We were involved in a large tile restoration project in Broad Street Bristol. We were approached by Shaylors Building Contractors from Birmingham to reproduce missing tiles from a large grade 1 listed ceramic mural that faced an old printing works in the city centre.
The entire face of the Edward Everard print works in Broad Street is made of ceramic tiles, pillars, bricks and columns. In 1900 printer Edward Everard wanted to expand his existing premises, so he decided to build a modern printing works in the city center, which would be a monument to the history of printing. It was designed by Henry Williams, a Bristol architect, and the front facade was designed and made by the 19th century sculptor W.J. Neatby.
Neatby was was in charge of the department of architectural ceramics at Doultons and developed a type of ceramic that was coined Carrara Ware because of its resemblance to the marble from Carrara, Italy. The design was influenced by Everard and depicted the printers Gutenberg, the father of printing, and William Morris, the leading figure of the craftwork revival.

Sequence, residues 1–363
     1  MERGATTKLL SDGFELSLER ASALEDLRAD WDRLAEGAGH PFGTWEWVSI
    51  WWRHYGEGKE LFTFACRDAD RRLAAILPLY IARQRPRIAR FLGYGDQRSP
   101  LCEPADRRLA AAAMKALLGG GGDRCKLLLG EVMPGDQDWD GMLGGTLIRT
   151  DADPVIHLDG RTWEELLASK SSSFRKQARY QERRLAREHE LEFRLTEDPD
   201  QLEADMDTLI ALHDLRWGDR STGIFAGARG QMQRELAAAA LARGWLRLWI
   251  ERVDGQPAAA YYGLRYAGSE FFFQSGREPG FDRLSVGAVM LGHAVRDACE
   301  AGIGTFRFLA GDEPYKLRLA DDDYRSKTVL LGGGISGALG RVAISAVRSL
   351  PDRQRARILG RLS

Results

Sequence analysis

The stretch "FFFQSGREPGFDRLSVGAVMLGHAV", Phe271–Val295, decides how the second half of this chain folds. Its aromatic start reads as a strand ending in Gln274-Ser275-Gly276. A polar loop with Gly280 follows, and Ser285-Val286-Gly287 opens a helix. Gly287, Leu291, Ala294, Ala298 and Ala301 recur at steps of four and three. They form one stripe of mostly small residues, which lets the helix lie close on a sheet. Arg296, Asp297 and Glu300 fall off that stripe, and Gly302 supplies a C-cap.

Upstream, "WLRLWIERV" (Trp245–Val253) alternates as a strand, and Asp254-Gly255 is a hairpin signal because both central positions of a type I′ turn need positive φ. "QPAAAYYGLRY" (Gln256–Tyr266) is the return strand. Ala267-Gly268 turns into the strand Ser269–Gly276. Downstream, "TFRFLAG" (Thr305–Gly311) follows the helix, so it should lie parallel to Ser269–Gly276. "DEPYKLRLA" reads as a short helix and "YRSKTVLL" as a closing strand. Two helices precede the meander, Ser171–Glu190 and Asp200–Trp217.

The reproduction of the missing tiles was a challenge to us, as to get an exact match to the existing tiles was seemingly impossible. Although we did not use exactly the same techniques as Neatby used, we were able to produce equivalent tiles that matched the originals extremely well. Many hours of research and trial and error have gone into making the replacement pieces. The following gallery hopefully will give a taste of how we did it!
All our panels are hand painted to order, so they can be adapted to fit a variety of situations. You can choose any of the murals and panels illustrated, which we can adjust or adapt to fit the space that you want to tile.
Alternatively, you can commission us to paint a mural in the subject of your choice. We can work from photographs and pictorial information to create a mural combining as many elements as you want. To order, simply follow the instructions below or just call us on 01608 658993 to discuss your requirements.